Here you can find abstracts and slides for some of W. Stuerzlinger's invited talks. The slides are available in PDF format with 6 slides per page. More information is available through the list of research projects.
Technology increasingly employs unreliable systems as a central means to interpret input. Common examples include voice and text input in mobile devices or lane departure detection in cars. This reliance exposes a fundamental problem – people do not generally understand the underlying systems, and seemingly small system or human errors can lead to potentially disastrous consequences. While technical improvements partially address this, recent research in my group pursues a complementary approach through a better understanding of human interaction with, and new user interface (UI) technologies for, unreliable systems. In this talk I first present work that analyzed human behaviours around occasionally failing systems in text entry and gesture recognition and the insights that we gathered from this work. Then, I present a new text entry method that reduces errors caused by auto-correction and prediction algorithms. Moreover, I present a system that uses a brain-computer interface to sense user reactions to incorrect auto-corrects, which we use to trigger better system responses by offering different corrections. Finally, I close with an outlook for future work in this area.
Three-dimensional (3D) user interfaces are popular in movies. Moreover, there are now many systems that enable people to interact with 3D content, including computer games. Based on reflections on the capabilities and limitations of both humans and technologies, I present research improvements to human 3D pointing, docking, manipulation, and navigation performance. Finally, I will present two new virtual reality systems.
Three-dimensional (3D) user interfaces are popular in movies. There are also many current systems that enable people to interact with 3D content, including computer games. We re-investigate the ideas behind such 3D user interfaces and present innovative solutions based on the capabilities and limitations of both humans and technologies.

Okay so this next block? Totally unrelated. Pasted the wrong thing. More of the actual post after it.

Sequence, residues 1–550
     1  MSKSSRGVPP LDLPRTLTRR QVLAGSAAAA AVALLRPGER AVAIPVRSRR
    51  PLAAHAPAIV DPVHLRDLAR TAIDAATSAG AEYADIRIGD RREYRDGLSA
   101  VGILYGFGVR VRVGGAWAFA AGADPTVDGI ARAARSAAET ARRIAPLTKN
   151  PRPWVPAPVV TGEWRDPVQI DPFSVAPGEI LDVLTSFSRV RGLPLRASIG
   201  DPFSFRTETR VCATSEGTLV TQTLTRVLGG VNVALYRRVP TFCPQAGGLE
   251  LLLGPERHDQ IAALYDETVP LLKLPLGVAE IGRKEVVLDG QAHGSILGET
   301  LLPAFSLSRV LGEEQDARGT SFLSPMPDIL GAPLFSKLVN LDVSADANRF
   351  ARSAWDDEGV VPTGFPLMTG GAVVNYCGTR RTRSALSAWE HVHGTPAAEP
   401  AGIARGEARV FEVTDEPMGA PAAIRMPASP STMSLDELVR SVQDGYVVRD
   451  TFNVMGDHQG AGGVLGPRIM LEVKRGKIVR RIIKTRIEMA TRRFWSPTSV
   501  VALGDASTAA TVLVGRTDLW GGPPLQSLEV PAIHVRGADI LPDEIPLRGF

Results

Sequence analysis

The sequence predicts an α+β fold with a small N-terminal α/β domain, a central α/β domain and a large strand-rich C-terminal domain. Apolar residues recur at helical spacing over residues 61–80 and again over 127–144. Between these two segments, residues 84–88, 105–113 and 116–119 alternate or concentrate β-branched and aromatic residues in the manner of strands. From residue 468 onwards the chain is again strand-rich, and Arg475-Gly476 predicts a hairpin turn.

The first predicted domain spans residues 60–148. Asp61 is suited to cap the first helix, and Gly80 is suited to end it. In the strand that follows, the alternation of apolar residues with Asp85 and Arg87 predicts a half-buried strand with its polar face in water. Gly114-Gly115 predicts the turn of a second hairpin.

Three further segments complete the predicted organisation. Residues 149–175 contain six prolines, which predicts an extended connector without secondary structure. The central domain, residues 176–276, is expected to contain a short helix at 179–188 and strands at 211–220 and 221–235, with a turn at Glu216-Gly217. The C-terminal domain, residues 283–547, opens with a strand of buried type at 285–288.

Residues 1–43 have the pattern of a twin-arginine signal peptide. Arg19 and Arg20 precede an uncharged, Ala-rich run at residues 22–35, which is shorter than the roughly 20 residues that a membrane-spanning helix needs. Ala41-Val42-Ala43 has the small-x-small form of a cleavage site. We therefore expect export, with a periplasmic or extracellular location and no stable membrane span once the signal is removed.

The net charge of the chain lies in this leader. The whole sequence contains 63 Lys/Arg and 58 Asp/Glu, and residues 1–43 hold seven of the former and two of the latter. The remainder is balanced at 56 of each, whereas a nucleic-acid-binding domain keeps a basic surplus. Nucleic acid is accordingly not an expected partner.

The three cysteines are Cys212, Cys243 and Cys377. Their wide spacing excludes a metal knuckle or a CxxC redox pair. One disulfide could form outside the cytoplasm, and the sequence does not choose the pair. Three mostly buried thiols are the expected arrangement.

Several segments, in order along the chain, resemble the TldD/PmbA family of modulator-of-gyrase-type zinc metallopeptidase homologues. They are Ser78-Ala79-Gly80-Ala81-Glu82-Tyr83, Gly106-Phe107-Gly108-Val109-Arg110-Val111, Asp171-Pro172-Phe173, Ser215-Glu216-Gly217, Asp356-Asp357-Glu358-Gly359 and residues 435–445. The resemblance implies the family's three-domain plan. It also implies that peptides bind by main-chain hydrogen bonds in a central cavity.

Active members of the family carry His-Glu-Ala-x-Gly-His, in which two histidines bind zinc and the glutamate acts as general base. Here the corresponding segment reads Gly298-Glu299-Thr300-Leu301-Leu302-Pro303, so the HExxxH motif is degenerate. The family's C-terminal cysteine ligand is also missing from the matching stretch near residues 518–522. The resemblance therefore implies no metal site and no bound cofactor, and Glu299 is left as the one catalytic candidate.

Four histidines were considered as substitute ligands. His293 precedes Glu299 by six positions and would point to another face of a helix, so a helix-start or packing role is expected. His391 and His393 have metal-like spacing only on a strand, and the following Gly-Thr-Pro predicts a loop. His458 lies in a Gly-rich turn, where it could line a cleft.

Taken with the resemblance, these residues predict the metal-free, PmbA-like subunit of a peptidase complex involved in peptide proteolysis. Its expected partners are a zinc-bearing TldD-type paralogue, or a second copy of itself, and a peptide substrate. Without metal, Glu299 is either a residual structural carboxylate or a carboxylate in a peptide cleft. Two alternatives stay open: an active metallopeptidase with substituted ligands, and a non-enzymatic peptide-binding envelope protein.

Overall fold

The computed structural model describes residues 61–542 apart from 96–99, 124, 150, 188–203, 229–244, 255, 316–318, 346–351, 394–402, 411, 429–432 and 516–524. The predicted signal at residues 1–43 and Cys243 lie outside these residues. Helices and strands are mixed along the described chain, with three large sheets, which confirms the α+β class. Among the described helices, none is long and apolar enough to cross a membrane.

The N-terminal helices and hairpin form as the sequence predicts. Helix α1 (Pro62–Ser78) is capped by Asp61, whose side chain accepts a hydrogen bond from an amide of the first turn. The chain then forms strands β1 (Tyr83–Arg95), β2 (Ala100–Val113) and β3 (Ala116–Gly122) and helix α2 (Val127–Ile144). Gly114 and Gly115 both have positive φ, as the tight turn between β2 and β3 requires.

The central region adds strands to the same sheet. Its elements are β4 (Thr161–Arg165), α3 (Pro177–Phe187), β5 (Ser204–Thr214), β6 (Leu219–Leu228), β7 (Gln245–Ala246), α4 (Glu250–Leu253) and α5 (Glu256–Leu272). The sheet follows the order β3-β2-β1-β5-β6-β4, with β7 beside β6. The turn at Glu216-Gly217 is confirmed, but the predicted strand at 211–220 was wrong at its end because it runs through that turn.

First, we analyze various applications that currently use 3D user interfaces. Then, we look at the challenges that the input and output technologies pose as well as a list of limitations that are part of human nature. From these and other sources we then synthesize a list of guidelines that aid in the creation of better 3D user interfaces.
This presentation analyzes a few trends for user interfaces in Web 2.0. The idea of a "Web Desktop" is briefly investigated. Subsequently, the user interface requirements of collaborative Web 2.0 services are mapped out. The motivation for off-line access to Web 2.0 services and applications is analyzed. The technical background as well as good user interfaces for off-line work is discussed in brief. Finally, the effect of Web 2.0 onto the development process itself is highlighted.
Easy creation of 3D digital models is important for many application areas, such as architecture, industrial and mechanical design, creation of simulations and training environments, animation, and entertainment. Most commercial 3D packages have very complex user interfaces and are targeted towards the final stages of design, which focuses on details, rather than on the early stages, where the important design decisions are made. We present several new 3D design systems that afford both rapid creation of 3D models as well as easy-to-use manipulation of arbitrary composite objects. We also discuss how people collaborate to create digital artifacts and present a new infrastructure to enhance such collaborative activities.
This presentation decribes a novel system for adaptable user interfaces.